Why Are Some Lobsters Blue?

Written by on August 22, 2013 in Invertebrates, Marine Life

Daily Summary

Call for ‘citizen scientists’ to help protect sea turtles
Sea turtles are threatened by poachers, climate change, habitat loss and many other problems. A new paper states that we still have a lot to learn about sea turtles and the best way to learn is through observation. Learning more about sea turtles will help researchers better protect them, which is why a PhD student at the University of Western Australia’s Oceans Institute is calling for the help of citizen scientists! The observations of citizen scientists could help fill in gaps in the sea turtle knowledge base.

The Colorful Chemistry of Lobster Shells
When we eat lobsters they’re bright red, but when we catch them they’re usually a muddy brown color. Although sometimes they are blue, yellow, or even a different color on each half of the body. Have you ever wondered the reason for those color mutations or why they turn red when they get cooked? Check out this awesome video from Bytesize Science to learn the answers!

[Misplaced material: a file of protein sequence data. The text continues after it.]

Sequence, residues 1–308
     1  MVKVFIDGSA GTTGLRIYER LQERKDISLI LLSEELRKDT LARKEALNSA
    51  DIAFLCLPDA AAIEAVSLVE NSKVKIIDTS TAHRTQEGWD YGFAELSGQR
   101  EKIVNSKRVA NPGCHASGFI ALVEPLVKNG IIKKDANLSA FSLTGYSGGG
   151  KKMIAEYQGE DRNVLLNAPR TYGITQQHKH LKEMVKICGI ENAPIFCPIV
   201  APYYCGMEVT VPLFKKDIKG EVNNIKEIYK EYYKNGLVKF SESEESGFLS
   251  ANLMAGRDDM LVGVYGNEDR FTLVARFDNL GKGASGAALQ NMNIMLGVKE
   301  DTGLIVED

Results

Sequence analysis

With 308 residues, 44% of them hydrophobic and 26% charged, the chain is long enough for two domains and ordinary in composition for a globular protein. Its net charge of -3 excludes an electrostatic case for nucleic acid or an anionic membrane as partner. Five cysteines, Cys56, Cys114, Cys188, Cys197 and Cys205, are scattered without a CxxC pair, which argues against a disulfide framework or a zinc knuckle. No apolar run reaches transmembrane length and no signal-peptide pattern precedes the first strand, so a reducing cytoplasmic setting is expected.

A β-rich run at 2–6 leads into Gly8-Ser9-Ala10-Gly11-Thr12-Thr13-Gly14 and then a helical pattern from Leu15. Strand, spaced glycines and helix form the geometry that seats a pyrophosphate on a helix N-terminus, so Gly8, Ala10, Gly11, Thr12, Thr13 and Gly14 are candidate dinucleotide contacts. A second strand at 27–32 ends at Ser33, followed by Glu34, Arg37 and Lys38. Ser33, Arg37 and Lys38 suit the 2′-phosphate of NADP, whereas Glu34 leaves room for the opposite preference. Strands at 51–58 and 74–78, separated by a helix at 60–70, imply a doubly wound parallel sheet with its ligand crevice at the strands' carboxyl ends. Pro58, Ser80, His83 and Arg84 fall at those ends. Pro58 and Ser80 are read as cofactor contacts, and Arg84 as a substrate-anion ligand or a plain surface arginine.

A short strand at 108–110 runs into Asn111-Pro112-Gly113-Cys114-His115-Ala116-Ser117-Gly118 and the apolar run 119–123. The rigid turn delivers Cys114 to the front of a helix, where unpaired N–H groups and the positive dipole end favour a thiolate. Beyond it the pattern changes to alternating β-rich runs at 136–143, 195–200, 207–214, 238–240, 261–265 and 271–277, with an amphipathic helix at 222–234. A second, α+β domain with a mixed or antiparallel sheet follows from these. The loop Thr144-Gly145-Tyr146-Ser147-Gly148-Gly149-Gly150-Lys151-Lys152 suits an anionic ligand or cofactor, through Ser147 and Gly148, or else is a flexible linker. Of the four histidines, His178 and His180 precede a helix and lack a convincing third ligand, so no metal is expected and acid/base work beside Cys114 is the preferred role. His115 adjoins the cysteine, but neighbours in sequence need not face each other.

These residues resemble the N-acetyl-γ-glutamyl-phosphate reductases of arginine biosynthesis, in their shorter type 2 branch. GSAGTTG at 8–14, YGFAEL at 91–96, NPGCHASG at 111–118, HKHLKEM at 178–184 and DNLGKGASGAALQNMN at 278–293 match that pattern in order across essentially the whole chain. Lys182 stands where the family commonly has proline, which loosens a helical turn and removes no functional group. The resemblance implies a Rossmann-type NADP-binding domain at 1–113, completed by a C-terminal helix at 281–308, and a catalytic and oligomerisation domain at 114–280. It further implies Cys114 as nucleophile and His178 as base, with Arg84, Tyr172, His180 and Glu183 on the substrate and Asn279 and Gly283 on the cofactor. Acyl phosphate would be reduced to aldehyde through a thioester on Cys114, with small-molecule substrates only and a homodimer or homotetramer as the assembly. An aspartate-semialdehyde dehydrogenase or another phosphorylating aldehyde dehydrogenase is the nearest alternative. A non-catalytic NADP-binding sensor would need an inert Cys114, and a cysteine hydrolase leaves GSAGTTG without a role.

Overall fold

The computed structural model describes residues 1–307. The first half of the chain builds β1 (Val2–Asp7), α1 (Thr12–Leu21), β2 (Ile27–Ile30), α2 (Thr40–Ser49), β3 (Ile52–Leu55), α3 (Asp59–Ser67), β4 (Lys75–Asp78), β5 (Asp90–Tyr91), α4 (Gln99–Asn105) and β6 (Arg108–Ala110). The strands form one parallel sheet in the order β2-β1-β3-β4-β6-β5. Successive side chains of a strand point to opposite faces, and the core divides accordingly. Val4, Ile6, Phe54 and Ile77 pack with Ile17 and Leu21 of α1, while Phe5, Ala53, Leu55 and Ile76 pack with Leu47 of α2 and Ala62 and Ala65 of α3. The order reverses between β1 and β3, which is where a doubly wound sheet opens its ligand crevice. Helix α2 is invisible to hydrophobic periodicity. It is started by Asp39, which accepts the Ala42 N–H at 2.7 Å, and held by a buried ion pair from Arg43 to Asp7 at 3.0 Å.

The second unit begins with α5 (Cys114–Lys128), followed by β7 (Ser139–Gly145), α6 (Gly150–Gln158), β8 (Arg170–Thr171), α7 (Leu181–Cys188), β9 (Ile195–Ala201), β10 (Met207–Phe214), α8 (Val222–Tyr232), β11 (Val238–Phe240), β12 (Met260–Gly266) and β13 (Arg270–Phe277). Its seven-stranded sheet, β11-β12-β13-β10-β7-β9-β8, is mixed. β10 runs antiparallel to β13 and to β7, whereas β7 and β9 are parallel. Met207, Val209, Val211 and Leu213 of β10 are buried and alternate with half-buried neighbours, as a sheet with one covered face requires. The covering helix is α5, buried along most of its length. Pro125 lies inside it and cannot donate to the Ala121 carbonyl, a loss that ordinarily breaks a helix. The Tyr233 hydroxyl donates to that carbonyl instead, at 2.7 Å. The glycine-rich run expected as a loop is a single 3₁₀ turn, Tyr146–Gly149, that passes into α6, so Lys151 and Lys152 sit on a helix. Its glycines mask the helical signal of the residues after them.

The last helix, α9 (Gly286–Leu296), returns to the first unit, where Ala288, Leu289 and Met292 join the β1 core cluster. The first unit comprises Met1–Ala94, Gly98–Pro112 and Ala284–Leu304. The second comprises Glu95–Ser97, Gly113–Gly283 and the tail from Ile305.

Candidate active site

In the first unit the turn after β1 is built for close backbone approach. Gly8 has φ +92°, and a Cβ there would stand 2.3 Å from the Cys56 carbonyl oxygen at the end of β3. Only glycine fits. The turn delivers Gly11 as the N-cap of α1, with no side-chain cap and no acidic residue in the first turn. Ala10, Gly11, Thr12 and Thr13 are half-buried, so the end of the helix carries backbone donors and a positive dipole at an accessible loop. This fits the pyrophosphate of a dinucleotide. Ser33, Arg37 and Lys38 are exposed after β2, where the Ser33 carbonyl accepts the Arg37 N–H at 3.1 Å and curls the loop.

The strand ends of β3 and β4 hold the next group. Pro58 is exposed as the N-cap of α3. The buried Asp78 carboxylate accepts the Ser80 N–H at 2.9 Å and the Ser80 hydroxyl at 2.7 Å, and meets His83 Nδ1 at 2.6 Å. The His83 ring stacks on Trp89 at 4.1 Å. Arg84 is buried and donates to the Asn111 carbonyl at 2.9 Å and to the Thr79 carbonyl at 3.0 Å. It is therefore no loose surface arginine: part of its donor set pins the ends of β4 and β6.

Epic ocean voyages of baby corals revealed
Coral begins its life as a tiny, millimeter-sized, free-floating larva. By recreating the journey of the coral larvae, researchers have found that some of them may cross entire oceans. The majority of coral larvae will settle close to home, but the computer simulation reveals that some cross more than 5,000 km of open ocean. These findings will help coral conservation efforts by allowing researchers to more accurately predict how the distribution of coral will change as the oceans change.

Blue lobster.

Blue lobster. Photo credit: (Alex) via photopin cc.

Copyright © 2013 by Marine Science Today, a publication of Marine Science Today LLC.

About the Author

About the Author: Emily Tripp is the Publisher and Editor of MarineScienceToday.com. She holds marine science and biology degrees from the University of Miami's Rosenstiel School of Marine and Atmospheric Science and a Master of Advanced Studies degree in Marine Biodiversity and Conservation from Scripps Institution of Oceanography. When she's not writing about marine science, she's probably running around outside or playing with her dog. .


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